Study childhood addiction to video games improves brain function in adulthood

Study childhood addiction to video games improves brain function in adulthood

One of the biggest misconceptions about video games is that they harm the mental abilities of children and also cause aggression. If a lot of research has already established that video games and aggression are not related in any way, then the new report destroys the first stereotype.

A new study has shown that engaging in video games before the age of 14 and at least a few hours a week causes measurable improvements in brain function that persist into adulthood.

Scientists from the University of Oberta de Catalunya have found that video games themselves provide a cognitive impulse in terms of memory, volumetric understanding and reaction time. It turns out that these benefits remain with players throughout their lives, whether they continue to play or not.

Study childhood addiction to video games improves brain function in adulthood

For the tests, two groups of adults were compared: those who were keen on video games in childhood and those who did not play them at all. The study recorded the participants’ baseline cognitive skills, and then both groups were asked to play Super Mario 64 for 1.5 hours daily for ten days. Cognitive skills were then measured again immediately after this period, and then again 15 days later without video games during those days. The particular test game was chosen due to previous studies showing that Super Mario 64 increases the gray matter of the brain.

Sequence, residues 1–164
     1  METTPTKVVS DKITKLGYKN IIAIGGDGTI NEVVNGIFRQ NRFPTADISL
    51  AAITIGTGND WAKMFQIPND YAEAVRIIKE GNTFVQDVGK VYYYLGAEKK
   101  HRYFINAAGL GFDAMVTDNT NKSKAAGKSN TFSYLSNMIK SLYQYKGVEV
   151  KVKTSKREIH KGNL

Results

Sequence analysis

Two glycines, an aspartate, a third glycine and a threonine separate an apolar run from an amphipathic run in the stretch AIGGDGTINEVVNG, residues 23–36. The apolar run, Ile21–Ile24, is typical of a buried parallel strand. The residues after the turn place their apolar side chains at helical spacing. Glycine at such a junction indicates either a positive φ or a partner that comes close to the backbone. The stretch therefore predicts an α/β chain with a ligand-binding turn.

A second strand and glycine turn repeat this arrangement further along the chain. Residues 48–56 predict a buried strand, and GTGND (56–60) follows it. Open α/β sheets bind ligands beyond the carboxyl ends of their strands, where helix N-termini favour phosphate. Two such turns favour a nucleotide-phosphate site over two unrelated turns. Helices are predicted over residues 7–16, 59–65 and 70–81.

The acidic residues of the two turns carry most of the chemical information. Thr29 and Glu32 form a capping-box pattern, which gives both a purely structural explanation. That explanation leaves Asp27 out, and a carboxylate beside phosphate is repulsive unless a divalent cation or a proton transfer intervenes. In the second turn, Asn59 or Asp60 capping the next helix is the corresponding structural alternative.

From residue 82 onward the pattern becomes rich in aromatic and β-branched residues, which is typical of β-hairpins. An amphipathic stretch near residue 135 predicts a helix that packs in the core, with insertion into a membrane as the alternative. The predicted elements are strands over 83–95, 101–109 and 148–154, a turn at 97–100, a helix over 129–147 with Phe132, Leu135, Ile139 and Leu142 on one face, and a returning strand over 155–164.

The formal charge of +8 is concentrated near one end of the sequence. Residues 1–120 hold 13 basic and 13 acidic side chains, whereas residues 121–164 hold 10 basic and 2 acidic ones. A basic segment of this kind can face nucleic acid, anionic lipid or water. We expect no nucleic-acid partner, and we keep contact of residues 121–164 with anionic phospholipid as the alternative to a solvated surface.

At the very beginning, participants who did not play as children scored lower on cognitive tests than those who did. Nevertheless, they were quickly caught up and both groups had similar results after 10 days of active games. In other words, active participation in games gave impetus to those who had never played before, whereas those who played as children, apparently, never lost this advantage.

Research has shown that playing at least Super Mario 64 has a positive effect on the cognitive ability of participants. It remains to be seen whether adults can get the same long-term benefits from video games as children and adolescents.

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